It can be difficult to stand by as someone neglects a medical condition of any sort, but we regularly allow people to do so when their decisions do not affect public health or safety. That is the principle in the B.T. case and which generally underlies the law of involuntary admission to the mental health system: those who present no danger to themselves or others will not be forced to undergo psychiatric treatment simply based on the conclusion that they would benefit from the treatment. This is, of course, consistent with the high value placed on personal liberty in our system and the limited circumstances under which we allow the government to restrain it as reflected in the due process clauses of federal and state constitutions.


Those who believe that compelled psychiatric treatment should be permitted even with non-dangerous individuals often labor under one or more misconceptions about people with mental illness:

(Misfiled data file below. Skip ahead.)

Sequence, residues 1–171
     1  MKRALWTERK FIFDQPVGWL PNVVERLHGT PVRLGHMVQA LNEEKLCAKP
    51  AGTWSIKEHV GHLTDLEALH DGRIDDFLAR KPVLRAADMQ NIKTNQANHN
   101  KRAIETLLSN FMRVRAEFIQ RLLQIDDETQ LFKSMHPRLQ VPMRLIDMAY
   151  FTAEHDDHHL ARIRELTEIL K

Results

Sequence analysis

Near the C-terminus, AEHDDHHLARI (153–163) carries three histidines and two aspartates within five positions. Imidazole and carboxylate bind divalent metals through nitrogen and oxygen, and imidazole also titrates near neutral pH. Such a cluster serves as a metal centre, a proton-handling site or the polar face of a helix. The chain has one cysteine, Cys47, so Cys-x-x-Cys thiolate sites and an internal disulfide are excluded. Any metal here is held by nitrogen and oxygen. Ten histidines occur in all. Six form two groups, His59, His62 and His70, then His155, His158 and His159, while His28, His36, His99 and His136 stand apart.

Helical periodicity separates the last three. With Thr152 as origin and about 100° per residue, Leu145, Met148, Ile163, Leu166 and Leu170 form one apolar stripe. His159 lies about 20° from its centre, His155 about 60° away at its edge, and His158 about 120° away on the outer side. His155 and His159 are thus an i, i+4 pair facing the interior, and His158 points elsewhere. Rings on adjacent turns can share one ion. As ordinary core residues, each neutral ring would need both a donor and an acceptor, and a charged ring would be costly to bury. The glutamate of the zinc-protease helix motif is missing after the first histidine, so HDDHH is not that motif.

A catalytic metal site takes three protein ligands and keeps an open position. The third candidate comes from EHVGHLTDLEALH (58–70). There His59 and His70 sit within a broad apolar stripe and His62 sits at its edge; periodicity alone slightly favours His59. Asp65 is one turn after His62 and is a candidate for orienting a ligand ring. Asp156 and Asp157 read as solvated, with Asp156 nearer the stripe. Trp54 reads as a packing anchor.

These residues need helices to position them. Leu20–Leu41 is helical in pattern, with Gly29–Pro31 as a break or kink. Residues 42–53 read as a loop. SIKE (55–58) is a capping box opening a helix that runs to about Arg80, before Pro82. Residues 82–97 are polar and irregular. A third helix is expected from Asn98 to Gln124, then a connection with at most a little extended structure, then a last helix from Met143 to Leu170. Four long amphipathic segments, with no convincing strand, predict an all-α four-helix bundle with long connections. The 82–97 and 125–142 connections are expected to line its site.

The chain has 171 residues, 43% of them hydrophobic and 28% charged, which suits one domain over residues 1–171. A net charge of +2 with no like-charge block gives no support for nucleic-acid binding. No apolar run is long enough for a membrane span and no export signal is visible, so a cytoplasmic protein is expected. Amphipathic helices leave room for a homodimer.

• That mental illness equates to incompetence to make medical decisions. In fact, mental illness is rarely a completely disabling condition—although about half of us will have some degree of mental illness at some point in our lives. And, about 14 percent of Americans have moderate to severe mental illnesses, the overwhelming majority of those are competent to make decisions about health care and other important aspects of their lives.